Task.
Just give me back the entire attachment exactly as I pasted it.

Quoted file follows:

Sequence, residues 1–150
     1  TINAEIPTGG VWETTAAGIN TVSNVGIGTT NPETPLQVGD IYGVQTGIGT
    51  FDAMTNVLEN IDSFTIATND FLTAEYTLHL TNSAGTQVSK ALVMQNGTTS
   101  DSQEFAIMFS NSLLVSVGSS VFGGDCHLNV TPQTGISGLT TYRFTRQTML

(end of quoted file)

Sequence, residues 1–150
     1  TINAEIPTGG VWETTAAGIN TVSNVGIGTT NPETPLQVGD IYGVQTGIGT
    51  FDAMTNVLEN IDSFTIATND FLTAEYTLHL TNSAGTQVSK ALVMQNGTTS
   101  DSQEFAIMFS NSLLVSVGSS VFGGDCHLNV TPQTGISGLT TYRFTRQTML